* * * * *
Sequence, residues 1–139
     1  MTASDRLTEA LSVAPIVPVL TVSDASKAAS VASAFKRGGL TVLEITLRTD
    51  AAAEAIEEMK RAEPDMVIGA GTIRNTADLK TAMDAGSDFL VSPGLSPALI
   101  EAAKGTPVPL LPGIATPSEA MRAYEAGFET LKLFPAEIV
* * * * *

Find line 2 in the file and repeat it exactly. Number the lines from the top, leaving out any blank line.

     1  MTASDRLTEA LSVAPIVPVL TVSDASKAAS VASAFKRGGL TVLEITLRTD